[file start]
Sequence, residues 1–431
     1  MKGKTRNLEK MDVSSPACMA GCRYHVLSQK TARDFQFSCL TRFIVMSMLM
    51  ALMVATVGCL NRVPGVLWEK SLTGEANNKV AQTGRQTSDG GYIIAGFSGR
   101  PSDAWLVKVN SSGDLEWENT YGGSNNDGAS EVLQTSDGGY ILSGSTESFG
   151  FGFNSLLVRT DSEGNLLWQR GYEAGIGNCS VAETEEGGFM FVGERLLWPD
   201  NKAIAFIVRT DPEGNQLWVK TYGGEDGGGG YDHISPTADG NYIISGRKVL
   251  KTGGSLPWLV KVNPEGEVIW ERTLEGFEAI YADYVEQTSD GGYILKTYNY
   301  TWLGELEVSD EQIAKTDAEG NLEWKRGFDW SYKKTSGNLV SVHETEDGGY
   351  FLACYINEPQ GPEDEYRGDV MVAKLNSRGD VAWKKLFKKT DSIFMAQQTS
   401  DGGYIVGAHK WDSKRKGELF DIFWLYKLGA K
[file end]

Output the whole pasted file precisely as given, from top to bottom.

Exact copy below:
Sequence, residues 1–431
     1  MKGKTRNLEK MDVSSPACMA GCRYHVLSQK TARDFQFSCL TRFIVMSMLM
    51  ALMVATVGCL NRVPGVLWEK SLTGEANNKV AQTGRQTSDG GYIIAGFSGR
   101  PSDAWLVKVN SSGDLEWENT YGGSNNDGAS EVLQTSDGGY ILSGSTESFG
   151  FGFNSLLVRT DSEGNLLWQR GYEAGIGNCS VAETEEGGFM FVGERLLWPD
   201  NKAIAFIVRT DPEGNQLWVK TYGGEDGGGG YDHISPTADG NYIISGRKVL
   251  KTGGSLPWLV KVNPEGEVIW ERTLEGFEAI YADYVEQTSD GGYILKTYNY
   301  TWLGELEVSD EQIAKTDAEG NLEWKRGFDW SYKKTSGNLV SVHETEDGGY
   351  FLACYINEPQ GPEDEYRGDV MVAKLNSRGD VAWKKLFKKT DSIFMAQQTS
   401  DGGYIVGAHK WDSKRKGELF DIFWLYKLGA K